In Carol Reed’s classic British noir Joseph Cotton stars Holly Martins, a dime store novelist who travels to Vienna to visit childhood pal Harry Lime only to find that his friend has died in a mysterious accident. Martins’ belief that Lime was murdered inspires a personal investigation that leads him deep into the morally dubious heart of the postwar European black market as well as into a love affair with Lime’s beautiful girlfriend Anna (Alida Valli). Among the film’s unforgettable ingredients are the catchy zither score by Anton Karas, the legendary extended cameo by Orson Welles and the cinematography of Robert Krasker, whose use of dutch angles and chiaroscuro lighting make the rubble-strewn Viennese streets look positively lunar.

14. Germany Year Zero (Rossellini, Italy/Germany, 1948)

13. Late Spring (Ozu, Japan, 1949)

Yasujiro Ozu kickstarted his great late period with this terrific drama about a young woman named Noriko (Setsuko Hara, playing the first of three Norikos for Ozu) who lives with her widower father (Chishu Ryu) and is reluctant to get married for fear of leaving him alone. Not only is this the first of the loose “Noriko trilogy” (even though Hara’s characters are different in each film), it also laid down the template that all of Ozu’s subsequent films would follow until his death in 1963: the themes of intergenerational conflict, familial love, loss and regret, wedded to a precise visual style favoring static, low angle compositions and long takes. The depth of feeling that arises from this marriage of form and content is simply unparalleled in cinema.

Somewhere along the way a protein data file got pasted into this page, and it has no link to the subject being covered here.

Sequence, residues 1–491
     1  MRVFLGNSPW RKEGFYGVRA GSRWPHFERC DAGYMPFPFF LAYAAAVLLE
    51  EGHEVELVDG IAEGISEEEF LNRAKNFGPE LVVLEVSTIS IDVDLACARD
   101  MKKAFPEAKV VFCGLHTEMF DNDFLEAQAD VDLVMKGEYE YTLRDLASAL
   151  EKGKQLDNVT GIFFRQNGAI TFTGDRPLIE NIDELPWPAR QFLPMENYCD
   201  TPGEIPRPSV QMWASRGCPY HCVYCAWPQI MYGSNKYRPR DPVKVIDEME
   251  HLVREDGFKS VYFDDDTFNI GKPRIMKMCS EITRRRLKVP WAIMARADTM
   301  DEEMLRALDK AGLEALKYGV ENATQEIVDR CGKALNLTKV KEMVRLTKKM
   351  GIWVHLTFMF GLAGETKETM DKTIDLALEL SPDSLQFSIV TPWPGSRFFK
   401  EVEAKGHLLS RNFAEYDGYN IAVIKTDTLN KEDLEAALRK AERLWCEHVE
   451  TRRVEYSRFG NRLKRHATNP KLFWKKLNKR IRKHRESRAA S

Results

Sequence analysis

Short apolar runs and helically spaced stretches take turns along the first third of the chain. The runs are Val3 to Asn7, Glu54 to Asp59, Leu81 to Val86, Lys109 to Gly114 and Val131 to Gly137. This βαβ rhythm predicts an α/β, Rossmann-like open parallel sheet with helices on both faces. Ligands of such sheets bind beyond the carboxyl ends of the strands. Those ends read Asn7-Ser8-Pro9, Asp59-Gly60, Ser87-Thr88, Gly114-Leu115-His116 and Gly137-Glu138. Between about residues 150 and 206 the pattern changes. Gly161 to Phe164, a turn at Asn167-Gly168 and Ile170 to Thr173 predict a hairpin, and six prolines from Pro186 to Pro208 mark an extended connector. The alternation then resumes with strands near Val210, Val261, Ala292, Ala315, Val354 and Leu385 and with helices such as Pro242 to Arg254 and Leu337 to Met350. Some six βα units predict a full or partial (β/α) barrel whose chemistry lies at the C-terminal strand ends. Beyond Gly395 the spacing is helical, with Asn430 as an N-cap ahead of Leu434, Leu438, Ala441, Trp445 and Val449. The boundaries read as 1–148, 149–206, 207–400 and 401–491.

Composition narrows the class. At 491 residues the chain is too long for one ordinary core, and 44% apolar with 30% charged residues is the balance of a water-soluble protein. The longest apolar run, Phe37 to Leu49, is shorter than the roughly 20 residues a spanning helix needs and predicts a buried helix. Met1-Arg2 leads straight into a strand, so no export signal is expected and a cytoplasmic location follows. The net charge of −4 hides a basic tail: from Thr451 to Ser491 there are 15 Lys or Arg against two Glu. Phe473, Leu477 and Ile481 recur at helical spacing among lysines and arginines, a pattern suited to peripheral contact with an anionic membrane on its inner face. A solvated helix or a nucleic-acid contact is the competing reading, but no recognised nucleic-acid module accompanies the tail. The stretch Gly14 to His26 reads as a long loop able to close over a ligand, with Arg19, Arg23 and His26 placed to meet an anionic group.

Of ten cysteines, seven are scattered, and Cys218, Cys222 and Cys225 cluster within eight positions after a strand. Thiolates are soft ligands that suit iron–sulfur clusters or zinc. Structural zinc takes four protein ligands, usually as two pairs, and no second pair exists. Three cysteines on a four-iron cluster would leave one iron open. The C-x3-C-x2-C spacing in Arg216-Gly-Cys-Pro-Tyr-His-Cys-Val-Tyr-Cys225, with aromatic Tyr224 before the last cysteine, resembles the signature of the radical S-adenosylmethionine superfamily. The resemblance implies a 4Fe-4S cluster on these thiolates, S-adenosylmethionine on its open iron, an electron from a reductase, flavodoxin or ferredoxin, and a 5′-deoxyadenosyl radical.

12. Ivan the Terrible Parts I and II (Eisenstein, Russian, 1944-1958)

ivan

11. Detour (Ulmer, USA, 1945)

10. The Miracle of Morgan’s Creek (Sturges, USA, 1944)

Writer/director Preston Sturges was to the American cinema what Mark Twain was to American literature: the greatest satirist of our mores and all that we hold sacred. The Miracle of Morgan’s Creek is his most subversive work, a cinematic powder-keg that does impressive narrative somersaults in order to illustrate the predicament of Trudy Kockenlocker (a name that makes me laugh just to type it). Trudy (Betty Hutton) is a small town girl who, in one long drunken night, meets, marries and gets knocked up by a soldier before he heads off to war – but wakes up the next morning unable to remember anything about him. Hilarity ensues when she turns to 4F Norval Jones (Eddie Bracken), her longtime admirer-from-afar, to help prevent the inevitable local scandal.